Last updated: Feb 20, 2010
women-workout
Augustus Butera


Running can be a pain if youre battling nagging injuries. Dont get sidelined: keep your training on track with these simple moves (but if the pain persists, call your doctor).

Where it hurts: The outside of your knee or hip
Either having weak hip abductor muscles or increasing your mileage too quickly can lead to pain in your iliotibial band, the tissue that runs down the side of your leg from butt to knee.

What to do: If youve recently amped up your mileage, decrease your total weekly distance by 30 to 40% for two weeks. For hip strength, do 12 to 15 side leg lifts. Still hurting? Roll the side of your affected hip up and down on a foam roller (available at sporting-goods stores).

Where it hurts: The sides of your rib cage
Sharp, stabbing side stitches make it difficult to breathe—and run. The culprits: running too soon after eating and/or taking shallow breaths at irregular intervals.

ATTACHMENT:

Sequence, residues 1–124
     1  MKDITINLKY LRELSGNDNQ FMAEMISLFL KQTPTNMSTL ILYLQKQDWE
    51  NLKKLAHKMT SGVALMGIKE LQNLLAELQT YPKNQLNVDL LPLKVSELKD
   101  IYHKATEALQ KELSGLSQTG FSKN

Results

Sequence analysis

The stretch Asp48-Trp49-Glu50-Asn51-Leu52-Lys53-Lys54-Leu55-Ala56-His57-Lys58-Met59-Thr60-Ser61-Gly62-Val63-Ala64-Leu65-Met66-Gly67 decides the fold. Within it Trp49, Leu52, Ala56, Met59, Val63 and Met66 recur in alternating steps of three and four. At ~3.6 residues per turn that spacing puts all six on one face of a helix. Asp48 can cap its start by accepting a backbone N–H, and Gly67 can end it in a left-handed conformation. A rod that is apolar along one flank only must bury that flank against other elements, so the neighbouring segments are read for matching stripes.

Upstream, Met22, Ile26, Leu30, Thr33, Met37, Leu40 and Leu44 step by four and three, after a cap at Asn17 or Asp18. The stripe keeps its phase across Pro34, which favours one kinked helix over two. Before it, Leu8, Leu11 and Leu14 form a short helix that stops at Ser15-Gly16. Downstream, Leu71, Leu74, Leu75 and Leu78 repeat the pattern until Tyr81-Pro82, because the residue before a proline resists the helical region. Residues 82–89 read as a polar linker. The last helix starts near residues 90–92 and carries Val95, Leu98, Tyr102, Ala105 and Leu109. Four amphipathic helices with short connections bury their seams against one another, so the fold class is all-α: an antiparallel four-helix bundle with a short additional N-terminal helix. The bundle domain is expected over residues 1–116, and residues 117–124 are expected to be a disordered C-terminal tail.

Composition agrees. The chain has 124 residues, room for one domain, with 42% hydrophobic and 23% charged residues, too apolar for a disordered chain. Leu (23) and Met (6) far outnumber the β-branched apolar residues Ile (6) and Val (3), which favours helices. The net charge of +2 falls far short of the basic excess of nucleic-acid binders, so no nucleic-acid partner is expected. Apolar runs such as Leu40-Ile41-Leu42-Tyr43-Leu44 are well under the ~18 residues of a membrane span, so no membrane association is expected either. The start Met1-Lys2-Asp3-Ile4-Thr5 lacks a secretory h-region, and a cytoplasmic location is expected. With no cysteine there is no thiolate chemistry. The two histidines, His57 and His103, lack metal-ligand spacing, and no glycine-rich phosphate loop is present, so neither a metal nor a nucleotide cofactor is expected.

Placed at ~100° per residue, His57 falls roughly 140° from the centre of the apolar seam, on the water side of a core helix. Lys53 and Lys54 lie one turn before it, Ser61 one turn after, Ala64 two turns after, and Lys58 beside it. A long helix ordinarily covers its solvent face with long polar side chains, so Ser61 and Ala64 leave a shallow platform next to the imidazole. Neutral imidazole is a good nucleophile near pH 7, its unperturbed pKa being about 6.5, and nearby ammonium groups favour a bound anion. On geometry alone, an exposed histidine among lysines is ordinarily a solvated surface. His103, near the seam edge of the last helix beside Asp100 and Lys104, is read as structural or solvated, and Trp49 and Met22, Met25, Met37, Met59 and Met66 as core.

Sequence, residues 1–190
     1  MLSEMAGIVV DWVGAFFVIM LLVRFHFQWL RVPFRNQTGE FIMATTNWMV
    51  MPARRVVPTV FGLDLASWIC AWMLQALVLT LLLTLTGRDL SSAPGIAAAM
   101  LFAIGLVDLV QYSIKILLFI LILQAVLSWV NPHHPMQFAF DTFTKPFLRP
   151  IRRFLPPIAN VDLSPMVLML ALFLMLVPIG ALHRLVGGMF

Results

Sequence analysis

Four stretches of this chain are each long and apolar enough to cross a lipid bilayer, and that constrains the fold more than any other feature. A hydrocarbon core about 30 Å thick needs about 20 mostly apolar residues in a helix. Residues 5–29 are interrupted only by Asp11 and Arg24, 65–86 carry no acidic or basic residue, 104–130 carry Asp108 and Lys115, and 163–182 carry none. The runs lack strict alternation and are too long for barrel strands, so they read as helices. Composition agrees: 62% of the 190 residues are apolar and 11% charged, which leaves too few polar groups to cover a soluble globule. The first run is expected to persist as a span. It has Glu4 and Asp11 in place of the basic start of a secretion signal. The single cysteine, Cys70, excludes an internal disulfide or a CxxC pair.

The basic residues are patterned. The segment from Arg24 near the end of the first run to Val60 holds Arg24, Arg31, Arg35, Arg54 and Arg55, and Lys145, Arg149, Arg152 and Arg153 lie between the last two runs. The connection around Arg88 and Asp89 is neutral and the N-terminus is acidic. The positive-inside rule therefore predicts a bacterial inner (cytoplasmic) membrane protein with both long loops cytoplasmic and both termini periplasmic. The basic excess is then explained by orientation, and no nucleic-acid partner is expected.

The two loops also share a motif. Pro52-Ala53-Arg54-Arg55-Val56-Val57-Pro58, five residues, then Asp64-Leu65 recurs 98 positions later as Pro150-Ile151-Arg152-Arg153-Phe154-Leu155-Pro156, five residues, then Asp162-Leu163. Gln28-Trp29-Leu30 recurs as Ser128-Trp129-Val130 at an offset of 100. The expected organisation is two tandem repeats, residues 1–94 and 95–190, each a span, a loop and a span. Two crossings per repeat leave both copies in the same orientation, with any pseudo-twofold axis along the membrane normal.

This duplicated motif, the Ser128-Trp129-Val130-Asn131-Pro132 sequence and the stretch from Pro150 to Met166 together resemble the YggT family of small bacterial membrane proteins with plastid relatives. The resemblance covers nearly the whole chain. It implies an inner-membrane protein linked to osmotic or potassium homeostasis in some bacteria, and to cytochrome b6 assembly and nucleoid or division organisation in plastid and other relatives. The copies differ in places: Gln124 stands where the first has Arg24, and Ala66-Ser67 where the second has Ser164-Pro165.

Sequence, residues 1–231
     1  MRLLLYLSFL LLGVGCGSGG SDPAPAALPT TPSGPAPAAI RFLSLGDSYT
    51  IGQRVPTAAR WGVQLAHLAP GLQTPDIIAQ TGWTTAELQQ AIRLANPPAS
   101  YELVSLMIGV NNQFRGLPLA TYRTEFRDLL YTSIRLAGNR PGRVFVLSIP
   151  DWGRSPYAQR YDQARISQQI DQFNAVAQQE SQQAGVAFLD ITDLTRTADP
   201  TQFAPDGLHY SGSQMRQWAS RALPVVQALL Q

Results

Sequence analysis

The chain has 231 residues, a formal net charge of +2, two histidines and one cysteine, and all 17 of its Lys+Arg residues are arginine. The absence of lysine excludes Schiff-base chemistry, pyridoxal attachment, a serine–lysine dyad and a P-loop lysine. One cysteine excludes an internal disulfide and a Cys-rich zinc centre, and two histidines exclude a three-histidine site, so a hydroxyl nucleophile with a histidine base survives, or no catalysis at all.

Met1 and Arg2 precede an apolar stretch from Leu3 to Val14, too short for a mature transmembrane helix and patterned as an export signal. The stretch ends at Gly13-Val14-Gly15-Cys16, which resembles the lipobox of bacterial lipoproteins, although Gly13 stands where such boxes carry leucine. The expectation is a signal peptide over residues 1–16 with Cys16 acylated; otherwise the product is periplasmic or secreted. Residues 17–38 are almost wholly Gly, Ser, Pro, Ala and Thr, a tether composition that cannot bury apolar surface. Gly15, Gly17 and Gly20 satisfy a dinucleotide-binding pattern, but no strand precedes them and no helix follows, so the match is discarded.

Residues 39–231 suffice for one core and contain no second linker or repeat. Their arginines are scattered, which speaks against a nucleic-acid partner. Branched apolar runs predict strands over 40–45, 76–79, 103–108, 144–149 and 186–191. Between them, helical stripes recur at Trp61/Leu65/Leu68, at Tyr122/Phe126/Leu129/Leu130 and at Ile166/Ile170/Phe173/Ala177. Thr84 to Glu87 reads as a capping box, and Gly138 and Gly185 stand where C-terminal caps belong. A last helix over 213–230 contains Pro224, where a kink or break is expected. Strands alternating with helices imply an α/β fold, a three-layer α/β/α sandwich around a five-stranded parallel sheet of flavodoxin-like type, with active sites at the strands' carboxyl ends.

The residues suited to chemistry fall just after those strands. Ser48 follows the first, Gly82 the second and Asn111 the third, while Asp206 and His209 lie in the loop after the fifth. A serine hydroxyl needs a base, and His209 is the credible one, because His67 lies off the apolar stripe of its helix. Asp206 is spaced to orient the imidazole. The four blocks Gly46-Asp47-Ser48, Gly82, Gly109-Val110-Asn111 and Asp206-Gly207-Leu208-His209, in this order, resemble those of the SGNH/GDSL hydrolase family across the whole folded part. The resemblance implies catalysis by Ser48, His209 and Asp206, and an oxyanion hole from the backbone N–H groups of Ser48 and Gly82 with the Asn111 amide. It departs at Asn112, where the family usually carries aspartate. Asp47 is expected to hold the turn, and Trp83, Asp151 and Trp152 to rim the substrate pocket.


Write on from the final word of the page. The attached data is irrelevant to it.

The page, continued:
What to do: Feel a stitch? Slow down and take deep breaths, exhaling as the foot opposite the stitch hits the ground. Also, wait three hours after eating to run.

Where it hurts: the bottom of your foot
Plantar fasciitis—sharp heel pain or numbness caused by irritation of the tissue that runs the length of your sole—can result from drastic increases in mileage or lack of flexibility in the muscles in your calves, hamstrings, and hips.

What to do: If the pain wanes post-warm-up, cut your mileage by 25% and alternate runs with a low-impact activity like cycling or swimming. If it persists or affects your gait, take a week or two off. Massages, like rolling a tennis ball under each foot (from heel to toes), can help nix tightness and increase flexibility.